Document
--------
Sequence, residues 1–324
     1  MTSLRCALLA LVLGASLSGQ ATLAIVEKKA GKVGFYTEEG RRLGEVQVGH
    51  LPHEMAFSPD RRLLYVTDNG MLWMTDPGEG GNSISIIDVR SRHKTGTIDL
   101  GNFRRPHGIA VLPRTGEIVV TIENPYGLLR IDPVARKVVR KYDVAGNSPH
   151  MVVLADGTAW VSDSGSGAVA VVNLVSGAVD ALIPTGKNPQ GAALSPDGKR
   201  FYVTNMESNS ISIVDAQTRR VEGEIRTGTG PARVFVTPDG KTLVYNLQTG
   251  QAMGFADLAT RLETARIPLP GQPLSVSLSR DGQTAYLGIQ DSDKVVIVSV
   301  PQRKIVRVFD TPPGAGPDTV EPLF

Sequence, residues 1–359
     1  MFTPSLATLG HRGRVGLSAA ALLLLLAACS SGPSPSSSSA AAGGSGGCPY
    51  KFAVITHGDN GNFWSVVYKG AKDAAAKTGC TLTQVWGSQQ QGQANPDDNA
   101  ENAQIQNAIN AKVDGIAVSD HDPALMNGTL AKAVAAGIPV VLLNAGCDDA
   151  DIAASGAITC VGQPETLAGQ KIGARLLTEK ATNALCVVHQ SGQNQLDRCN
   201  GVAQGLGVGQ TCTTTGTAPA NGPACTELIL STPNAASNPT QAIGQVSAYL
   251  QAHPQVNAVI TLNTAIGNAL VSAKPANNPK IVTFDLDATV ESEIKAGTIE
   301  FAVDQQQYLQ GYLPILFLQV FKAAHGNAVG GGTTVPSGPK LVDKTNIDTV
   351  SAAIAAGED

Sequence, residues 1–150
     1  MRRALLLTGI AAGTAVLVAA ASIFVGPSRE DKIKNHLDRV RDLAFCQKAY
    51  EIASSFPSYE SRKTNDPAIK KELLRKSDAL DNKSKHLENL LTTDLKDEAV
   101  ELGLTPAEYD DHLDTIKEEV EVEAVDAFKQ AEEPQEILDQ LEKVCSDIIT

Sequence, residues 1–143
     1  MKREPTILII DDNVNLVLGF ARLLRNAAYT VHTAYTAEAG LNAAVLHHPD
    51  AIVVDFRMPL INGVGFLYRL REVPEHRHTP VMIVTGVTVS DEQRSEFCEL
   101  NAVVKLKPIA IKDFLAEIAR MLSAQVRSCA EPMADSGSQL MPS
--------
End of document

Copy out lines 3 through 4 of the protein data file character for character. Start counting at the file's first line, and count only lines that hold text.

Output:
    51  LPHEMAFSPD RRLLYVTDNG MLWMTDPGEG GNSISIIDVR SRHKTGTIDL
   101  GNFRRPHGIA VLPRTGEIVV TIENPYGLLR IDPVARKVVR KYDVAGNSPH